Coming from the aptly named Anima Project is the follow up to the original Anima: Gate of Memories game released back in 2016. Called The Nameless Chronicles, it follows the exploits of an immortal without a name, who was condemned to walk the world forever. The original experience is best remembered for being “not bad”, so can the follow up expand on that?

Described by the developers as a third person action role playing game, the story of The Nameless Chronicles is set in the world of Gaia. It was only when doing research that I discovered that the Anima name is actually from a whole series of tabletop role playing games, so there is a large amount of lore to be built upon. The world of the video games features art in the manga style – all floppy hair and big eyes – but this sits very well with the tone of the game. This time around, the world is under threat as a confusing series of events unfold. From what I can gather, a while ago a dark god was defeated and sealed away in a world built of memories, and now some people have decided it would be a good idea to try and resurrect him. Obviously, this would be a very bad thing, so good ol’ Nameless straps on his sword and decides to do something about it. The story is very compelling, as you’d expect in what is basically a JRPG, and really helps to pull you into the world that the game creates.

It does however immediately throw you in at the deep end, with just a basic tutorial detailing how you should go about hitting and dodging things. But straight away the camera becomes something of an issue, with it coming across as one of the most dim witted I’ve ever seen in a video game. You have to find the camera controls in a menu and reverse the X axis in order to make it even remotely useful, which is a little annoying, and admittedly once this is done, you can make the camera work, but it still isn’t the best example of its breed I’ve ever seen. Locking onto enemies also brings a few challenges, as the camera can become embedded in a wall as you cartwheel about the place, trying to avoid being hit. This is very pronounced in tight encounters, and does lead to a few cheap feeling deaths as you desperately fight not only the bad guys, but the camera as well.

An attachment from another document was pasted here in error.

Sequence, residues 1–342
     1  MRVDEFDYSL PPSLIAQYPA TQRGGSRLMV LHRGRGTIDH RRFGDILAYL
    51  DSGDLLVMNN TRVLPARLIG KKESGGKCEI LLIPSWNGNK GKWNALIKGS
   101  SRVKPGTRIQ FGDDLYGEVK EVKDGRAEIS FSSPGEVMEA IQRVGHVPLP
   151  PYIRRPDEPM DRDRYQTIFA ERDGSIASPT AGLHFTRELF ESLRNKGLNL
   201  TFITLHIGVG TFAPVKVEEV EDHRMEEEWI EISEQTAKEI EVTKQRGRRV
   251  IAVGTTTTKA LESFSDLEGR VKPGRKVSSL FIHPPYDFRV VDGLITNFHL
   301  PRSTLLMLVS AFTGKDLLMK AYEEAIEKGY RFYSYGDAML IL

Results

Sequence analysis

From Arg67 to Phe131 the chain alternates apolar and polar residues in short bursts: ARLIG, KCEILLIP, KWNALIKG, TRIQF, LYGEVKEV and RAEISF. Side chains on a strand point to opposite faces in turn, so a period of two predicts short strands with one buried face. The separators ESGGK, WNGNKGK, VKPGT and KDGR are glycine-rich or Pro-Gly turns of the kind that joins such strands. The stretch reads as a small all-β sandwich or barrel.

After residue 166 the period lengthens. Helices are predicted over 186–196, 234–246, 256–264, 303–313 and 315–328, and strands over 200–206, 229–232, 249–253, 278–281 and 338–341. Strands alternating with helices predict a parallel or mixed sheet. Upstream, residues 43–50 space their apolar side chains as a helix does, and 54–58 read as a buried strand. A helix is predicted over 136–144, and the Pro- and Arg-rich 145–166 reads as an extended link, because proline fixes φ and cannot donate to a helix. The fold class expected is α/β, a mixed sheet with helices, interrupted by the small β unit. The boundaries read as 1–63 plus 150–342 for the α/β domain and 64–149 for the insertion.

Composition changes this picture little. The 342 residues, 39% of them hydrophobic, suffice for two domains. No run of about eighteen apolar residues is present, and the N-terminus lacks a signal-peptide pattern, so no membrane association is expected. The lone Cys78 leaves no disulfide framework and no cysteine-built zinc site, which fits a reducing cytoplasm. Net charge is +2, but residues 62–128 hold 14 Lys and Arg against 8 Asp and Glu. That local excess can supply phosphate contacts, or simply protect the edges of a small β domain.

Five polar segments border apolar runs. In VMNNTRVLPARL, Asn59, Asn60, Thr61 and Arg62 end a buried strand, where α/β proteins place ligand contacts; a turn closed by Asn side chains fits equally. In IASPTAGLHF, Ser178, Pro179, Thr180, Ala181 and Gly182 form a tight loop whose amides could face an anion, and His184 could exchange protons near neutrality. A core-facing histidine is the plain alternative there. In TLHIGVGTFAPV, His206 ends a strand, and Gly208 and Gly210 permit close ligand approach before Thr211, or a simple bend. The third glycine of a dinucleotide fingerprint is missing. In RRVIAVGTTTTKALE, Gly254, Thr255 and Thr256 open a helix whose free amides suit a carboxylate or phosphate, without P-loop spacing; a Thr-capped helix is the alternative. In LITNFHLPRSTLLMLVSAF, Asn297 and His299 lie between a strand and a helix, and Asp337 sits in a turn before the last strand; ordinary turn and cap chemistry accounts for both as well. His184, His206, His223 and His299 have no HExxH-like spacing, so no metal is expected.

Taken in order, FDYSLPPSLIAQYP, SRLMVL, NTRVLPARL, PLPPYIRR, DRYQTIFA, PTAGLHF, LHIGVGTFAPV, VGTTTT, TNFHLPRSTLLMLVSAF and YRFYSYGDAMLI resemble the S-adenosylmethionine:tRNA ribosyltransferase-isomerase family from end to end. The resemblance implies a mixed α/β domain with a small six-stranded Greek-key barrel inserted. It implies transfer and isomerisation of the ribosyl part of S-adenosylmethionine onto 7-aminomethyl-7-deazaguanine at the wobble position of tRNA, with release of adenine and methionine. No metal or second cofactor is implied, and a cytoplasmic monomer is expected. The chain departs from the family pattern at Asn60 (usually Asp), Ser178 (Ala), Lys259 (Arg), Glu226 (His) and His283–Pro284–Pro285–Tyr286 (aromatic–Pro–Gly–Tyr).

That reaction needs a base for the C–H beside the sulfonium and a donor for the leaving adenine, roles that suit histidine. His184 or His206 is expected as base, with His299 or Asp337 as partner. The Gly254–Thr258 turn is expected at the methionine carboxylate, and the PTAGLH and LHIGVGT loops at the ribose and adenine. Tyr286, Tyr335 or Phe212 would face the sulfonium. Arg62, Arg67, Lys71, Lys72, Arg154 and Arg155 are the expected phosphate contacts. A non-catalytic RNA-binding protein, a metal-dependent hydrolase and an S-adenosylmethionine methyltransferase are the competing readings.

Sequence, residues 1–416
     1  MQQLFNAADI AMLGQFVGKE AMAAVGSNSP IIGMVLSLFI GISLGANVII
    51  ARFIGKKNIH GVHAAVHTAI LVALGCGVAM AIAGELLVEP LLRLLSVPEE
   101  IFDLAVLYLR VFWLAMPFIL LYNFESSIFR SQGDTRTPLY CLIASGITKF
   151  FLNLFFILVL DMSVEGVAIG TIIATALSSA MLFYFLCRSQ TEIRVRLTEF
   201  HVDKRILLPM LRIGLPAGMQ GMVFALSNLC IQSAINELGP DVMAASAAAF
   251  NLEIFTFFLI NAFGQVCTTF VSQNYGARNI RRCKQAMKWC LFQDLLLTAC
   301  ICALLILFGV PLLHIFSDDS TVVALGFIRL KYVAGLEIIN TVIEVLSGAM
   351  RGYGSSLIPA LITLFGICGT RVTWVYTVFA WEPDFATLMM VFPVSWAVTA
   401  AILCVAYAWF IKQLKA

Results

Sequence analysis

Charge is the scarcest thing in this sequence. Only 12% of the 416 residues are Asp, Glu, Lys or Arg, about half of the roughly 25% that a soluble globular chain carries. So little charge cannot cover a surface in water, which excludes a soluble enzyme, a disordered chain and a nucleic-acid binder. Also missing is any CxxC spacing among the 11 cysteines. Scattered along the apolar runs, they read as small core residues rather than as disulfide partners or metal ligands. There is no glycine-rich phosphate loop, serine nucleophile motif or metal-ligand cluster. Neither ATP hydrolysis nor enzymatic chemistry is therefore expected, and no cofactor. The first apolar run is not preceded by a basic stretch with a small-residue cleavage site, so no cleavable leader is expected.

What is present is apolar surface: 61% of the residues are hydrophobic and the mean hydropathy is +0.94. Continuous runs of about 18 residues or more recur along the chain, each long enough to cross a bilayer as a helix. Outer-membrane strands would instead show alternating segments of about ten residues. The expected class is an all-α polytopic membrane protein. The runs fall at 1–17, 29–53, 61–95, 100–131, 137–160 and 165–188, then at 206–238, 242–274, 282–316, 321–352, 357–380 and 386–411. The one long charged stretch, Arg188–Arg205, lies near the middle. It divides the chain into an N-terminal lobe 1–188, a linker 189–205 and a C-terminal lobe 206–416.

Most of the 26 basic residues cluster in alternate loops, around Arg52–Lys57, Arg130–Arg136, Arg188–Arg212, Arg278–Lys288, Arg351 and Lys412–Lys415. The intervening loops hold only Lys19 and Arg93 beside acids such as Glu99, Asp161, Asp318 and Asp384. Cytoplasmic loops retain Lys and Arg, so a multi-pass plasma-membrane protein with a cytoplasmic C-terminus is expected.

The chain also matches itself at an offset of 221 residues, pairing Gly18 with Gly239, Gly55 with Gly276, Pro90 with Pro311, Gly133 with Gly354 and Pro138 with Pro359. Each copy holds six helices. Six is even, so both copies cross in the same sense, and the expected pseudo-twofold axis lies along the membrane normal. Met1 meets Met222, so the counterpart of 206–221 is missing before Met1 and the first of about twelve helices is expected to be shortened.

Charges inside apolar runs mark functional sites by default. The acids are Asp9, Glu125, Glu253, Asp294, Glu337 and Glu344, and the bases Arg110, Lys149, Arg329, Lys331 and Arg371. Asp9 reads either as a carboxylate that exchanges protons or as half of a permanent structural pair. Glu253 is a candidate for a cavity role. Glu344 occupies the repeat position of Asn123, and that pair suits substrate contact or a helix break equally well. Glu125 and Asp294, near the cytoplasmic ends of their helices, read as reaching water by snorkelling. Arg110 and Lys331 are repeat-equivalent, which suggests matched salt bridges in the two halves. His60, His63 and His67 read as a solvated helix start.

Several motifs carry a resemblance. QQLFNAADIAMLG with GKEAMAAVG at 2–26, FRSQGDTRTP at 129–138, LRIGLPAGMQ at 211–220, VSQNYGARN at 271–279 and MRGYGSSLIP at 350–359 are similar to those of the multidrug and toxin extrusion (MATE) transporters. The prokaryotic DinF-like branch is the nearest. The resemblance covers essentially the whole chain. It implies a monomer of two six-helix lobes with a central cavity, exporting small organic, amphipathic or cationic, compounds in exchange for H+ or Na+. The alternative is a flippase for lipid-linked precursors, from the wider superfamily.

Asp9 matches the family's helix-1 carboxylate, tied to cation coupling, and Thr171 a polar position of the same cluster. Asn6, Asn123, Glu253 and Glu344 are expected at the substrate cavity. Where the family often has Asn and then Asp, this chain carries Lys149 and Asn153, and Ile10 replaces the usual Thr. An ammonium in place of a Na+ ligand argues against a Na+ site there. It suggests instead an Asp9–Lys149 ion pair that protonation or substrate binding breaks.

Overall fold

Away from that though and you’ll find that the combat is, to be kind, functional. Nameless has a range of attacks at his disposal, both up close and personal and ranged. What this means in practice is that almost every fight where you aren’t treading on the enemies toes devolves into a long ranged projectile match, falling into the pattern of “attack, dodge, attack, dodge” until they fall over. Close quarter fighting sees a variety of combos to unleash, but it’s important not to push your luck too far as for an immortal, Nameless is quite squishy. Waiting until an enemy has committed to a combo and then counter attacking is very much the order of the day, so learning attack patterns is very important. The combat is ultimately shallow, sadly, and despite the new weapons that can be found, there isn’t much of a sense of impact. There are certainly no bone crunching contacts as you swing a big lump of pointy metal around.

Graphically there’s nothing here that would stretch current day consoles, and to be honest it could probably run on an Xbox 360 or PS3 without too much trouble. The enemies, excluding bosses, are fairly generic, and you’ll find yourself fighting clouds of similar looking enemies on more than one occasion. The bosses are slightly more memorable, requiring a lot of running around and missile flinging to take down. Some of the landscape and backdrop effects are very good, ranging from a burning cathedral to a creepy basement full of puppets. The weirdest level is found off the hub of the memory world, where the stage reconfigures itself based on you putting pieces into a puzzle in a certain order. This is undeniably cool, with new paths leading to new pieces, which in turn open up new paths through the world.